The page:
Assistant Professor Maria Sakovsky co-designed a portable antenna that can communicate with satellites and devices on the ground, making it easier to coordinate rescue and relief efforts in disaster-prone areas. (Image credit: Andrew Brodhead)

When an earthquake, flood, or other disaster strikes a region, existing communication infrastructure such as cell phone and radio towers are often damaged or destroyed. Restoring emergency communications as quickly as possible is vital for coordinating rescue and relief efforts.

Researchers at Stanford University and the American University of Beirut (AUB) have developed a portable antenna that could be quickly deployed in disaster-prone areas or used to set up communications in underdeveloped regions. The antenna, described recently in Nature Communications, packs down to a small size and can easily shift between two configurations to communicate either with satellites or devices on the ground without using additional power.

“The state-of-the-art solutions typically employed in these areas are heavy, metallic dishes. They’re not easy to move around, they require a lot of power to operate, and they’re not particularly cost-effective,” said Maria Sakovsky, an assistant professor of aeronautics and astronautics at Stanford. “Our antenna is lightweight, low-power, and can switch between two operating states. It’s able to do more with as little as possible in these areas where communications are lacking.”

Two functions in one antenna

The researchers developed the antenna with an approach typically used to design devices that are being deployed in space. Because of fuel and space limitations, technology being sent into orbit must be very lightweight and packaged as small as possible. Once the items are in orbit, they unfold into the proper shape for use. The researchers wanted their antenna to be similarly collapsible and lightweight.

The antenna designed by Sakovsky and her colleagues at AUB, including Joseph Costantine, Youssef Tawk, and Rosette Maria Bichara, is made of fiber composites (a material often used in satellites) and resembles a child’s finger-trap toy, with multiple strips of material crossing in spirals. Just like any helix-based antenna, conductive material running through the antenna sends out signals, but thanks to its unique structure, the researchers can adjust the pattern and power of those signals in the new antenna by pulling it into longer shapes or shorter shapes.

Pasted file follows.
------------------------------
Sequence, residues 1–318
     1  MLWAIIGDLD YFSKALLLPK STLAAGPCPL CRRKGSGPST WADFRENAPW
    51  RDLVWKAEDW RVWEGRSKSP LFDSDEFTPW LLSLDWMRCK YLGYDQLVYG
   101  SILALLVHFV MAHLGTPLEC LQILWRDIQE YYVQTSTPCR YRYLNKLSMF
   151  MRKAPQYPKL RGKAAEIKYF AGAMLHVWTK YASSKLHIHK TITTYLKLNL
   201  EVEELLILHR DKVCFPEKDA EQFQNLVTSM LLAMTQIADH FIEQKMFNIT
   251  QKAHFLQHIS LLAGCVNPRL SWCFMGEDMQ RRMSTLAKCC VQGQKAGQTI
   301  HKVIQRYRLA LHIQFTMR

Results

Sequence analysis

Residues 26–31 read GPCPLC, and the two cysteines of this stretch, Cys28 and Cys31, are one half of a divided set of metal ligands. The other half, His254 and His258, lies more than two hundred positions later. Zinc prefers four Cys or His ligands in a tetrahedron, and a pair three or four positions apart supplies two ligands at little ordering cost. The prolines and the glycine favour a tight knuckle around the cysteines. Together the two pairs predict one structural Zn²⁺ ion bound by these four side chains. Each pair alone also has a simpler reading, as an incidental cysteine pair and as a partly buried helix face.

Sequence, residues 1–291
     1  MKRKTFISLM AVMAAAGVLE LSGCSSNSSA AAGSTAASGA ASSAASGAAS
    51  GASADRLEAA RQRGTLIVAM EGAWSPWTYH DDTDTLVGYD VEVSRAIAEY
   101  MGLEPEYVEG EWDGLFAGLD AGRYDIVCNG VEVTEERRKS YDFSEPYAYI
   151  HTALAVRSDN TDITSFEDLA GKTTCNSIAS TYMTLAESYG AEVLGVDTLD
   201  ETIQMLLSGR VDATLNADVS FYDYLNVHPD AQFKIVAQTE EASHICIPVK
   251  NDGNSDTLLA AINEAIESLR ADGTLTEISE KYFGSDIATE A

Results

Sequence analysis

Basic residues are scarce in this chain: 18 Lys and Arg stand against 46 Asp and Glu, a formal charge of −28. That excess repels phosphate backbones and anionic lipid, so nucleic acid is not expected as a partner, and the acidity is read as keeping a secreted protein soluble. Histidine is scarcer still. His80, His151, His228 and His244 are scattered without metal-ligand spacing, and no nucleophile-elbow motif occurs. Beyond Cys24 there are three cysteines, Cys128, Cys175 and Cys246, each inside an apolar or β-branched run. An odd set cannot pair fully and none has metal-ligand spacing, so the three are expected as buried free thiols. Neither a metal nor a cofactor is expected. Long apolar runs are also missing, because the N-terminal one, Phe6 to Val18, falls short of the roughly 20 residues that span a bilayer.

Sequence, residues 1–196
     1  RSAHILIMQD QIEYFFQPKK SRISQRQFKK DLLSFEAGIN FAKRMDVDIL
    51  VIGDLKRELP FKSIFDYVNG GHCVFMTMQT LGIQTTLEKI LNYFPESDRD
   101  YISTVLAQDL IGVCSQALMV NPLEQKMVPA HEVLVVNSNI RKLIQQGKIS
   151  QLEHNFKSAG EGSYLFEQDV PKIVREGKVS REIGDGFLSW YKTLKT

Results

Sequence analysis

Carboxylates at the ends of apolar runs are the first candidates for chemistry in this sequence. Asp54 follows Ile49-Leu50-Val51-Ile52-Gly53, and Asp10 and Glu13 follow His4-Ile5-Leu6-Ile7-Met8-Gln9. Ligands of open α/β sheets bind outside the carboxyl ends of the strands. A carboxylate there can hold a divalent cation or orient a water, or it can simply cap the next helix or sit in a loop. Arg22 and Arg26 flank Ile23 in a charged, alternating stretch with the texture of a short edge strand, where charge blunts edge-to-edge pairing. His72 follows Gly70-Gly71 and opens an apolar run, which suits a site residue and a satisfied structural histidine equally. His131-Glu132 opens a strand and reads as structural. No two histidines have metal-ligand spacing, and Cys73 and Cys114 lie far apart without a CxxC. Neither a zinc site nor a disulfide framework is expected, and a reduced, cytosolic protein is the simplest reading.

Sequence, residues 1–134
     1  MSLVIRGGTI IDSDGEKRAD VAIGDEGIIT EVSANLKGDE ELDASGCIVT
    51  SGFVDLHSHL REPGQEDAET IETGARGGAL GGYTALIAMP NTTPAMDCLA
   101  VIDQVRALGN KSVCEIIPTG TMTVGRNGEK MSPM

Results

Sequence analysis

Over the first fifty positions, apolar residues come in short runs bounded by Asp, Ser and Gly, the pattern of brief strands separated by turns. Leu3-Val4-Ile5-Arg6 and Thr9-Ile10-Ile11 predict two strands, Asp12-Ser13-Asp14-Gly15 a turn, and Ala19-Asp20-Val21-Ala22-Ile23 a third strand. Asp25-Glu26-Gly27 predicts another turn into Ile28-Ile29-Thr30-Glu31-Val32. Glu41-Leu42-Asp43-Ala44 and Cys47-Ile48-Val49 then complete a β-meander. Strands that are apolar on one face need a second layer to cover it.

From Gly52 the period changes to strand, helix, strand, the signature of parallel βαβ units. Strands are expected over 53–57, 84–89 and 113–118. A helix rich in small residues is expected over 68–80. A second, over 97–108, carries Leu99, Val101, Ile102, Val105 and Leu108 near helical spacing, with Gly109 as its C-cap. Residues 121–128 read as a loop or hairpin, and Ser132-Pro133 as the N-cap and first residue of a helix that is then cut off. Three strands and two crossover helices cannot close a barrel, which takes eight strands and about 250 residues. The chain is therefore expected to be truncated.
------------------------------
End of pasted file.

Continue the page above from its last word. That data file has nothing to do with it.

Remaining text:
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Video by Stanford Reconfigurable & Active Structures Lab

The researchers can adjust the pattern and power of signals in the new antenna by pulling it into longer shapes or shorter shapes.

“Because we wanted the antenna to be able to collapse into a packable shape, we started with this structure that led us to a very untraditional antenna design,” Sakovsky said. “We’re using shapes that have never been used on helical antennas before, and we’ve shown that they work.”

At its most compact, the antenna is a hollow ring that stands just over 1 inch tall and about 5 inches across – not much larger than a bracelet – and weighs 1.4 ounces. In this shape, it’s able to reach satellites with a high-power signal sent in a particular direction. When stretched out to about a foot tall, the antenna sends a lower power signal in all directions, more like a Wi-Fi router.

Shifting between these two states is as simple as pulling or pushing on the antenna. These movements don’t even need to be particularly precise because, once the antenna is moved past a certain point, the structure snaps to the right position. The specific size and shape of the antenna design will determine which frequencies those two states communicate across.

“The frequency you want to operate at will dictate how large the antenna needs to be, but we’ve been able to show that no matter what frequency you operate at, you can scale this design principle to achieve the same performance,” Sakovsky said.

The fabricated prototype was tested for deployment and structural performance at Stanford and its electromagnetic radiation characteristics at the antenna measurement facilities at AUB.

The bi-stable deployable quadrifilar helix antenna passively reconfigures its radiation characteristics in terms of pattern and polarization. (Image credit: Courtesy Reconfigurable & Active Structures Lab)

Applications in orbit

To be deployed in the field, the antenna would need to be paired with a transceiver to send and receive signals, a ground plane to reflect radio waves, and other electronics, but the whole package would still only weigh about 2 pounds, Sakovsky said. And the antenna’s unique dual functionality means that it could replace multiple heavier antennas in areas where deployment is a challenge.

That includes uses in disaster-struck and underdeveloped areas, but also, potentially, in space. Sakovsky and her colleagues are considering adapting their design for satellite communications, allowing satellites to use the same antenna to talk to each other and to talk to the ground.

“We don’t have a lot of spare operating power, volume, or mass on our spacecraft either,” Sakovsky said. “This holds a lot of potential for replacing multiple antennas on a satellite with a single one.”

Sakovsky is affiliated with the Stanford SystemX Alliance. Other co-authors are from American University of Beirut.

This work was funded the Swiss State Secretariat for Education, Research, and Innovation.

Media Contacts

Jill Wu, Stanford University School of Engineering: (386) 383-6061,